The Bone Clocks – David Mitchell (Review)

bone clocks

Title – The Bone Clocks

Author – David Mitchell

Summary –

Fifteen year old Holly Sykes is in a spot. She leaves her home after a horrible fight with her mother and finds out her boyfriend (the one she got in a fight over with her mom and ran out to move in with) is cheating on her with her best friend. Well she cant go back home so she just keeps going. Holly is different than most young girls though, she once could hear voices in her head, visions that melt into the reality of her mind. She has learned to hide them but they are always just there, on the edges of her world.

But the young runaway finds out the world is a lot darker than she imagined. Soon after she leaves her young brother Jacko goes missing and the police, assuming he is with Holly won’t even start searching. Holly rushes back home but Jacko is never found.

Holly’s life is about to change considerably. She has come to the attention of a society of eternal beings and her lost weekend is just the beginning. Holly is caught up in a War between two powerful factions. The Anchorites and the Horology. They are always there, on the periphery of existence. The Anchorites feed on children to maintain their mortality. But only gifted children with psychic abilities, like Holly and her brother Jacko. The Horologists try to protect the children but their numbers are few and the Anchorites grow.

This war rages on and throughout her life Holly is kept hidden from it. But it is always there, effecting all around her, until she can no longer remain hidden and must join in the battle.

Review –

The Bone Clocks builds its tale through characters and sub plots until it is joined together in the end in a final battle to save mankind from becoming a feeding ground for the soul eating Anchorites. Mitchell does a wonderful job of creating small stories within the novel that lead into the true plot.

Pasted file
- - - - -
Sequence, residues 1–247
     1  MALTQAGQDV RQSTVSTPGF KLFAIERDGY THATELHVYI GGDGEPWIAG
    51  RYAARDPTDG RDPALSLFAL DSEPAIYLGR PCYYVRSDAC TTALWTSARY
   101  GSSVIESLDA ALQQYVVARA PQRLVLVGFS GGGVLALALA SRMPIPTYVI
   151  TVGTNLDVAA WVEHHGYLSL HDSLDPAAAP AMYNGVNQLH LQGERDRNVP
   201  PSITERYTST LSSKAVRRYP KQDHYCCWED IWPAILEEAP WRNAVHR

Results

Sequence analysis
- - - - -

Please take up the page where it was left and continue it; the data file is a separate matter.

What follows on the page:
Holly Sykes is a powerful and flawed woman who you will follow throughout her life as others weave in and out of her world. The narration is often in the voice of others and Holly and the eternal battle for the souls of mankind are just a shade in what is happening in these lives. Until, for better or worse, the eternal battle slams into these characters. But Holly herself is a very well developed character and her pain and suffering are as much a part of her as her love and triumphs.

This is fantasy fiction on a grand scale. What the Bone Clocks does so well is that it relies little on the fantasy part of its story but more on the human interaction and drama. When the fantasy does come into play it is always an intrusion. An accident in the story, a sideswipe or head on collision that will change the lives of the characters completely.

Mitchell builds the plot slowly. Depending on his skill and prose as a storyteller to hold you as the grander vision of the Bone Clocks opens up. This might be a gamble for some writers but for Mitchell, it is done with ease and flair. There is never a moment of desperation in the novel that it might lose you. Its sheer confidence in it story keeps you involved and wanting to know more. But Mitchell peels it back slowly until the final chapters where he reveals the true nature of the Bone Clocks.

His timing is impeccable.

Easily, one of the best novels of the year!

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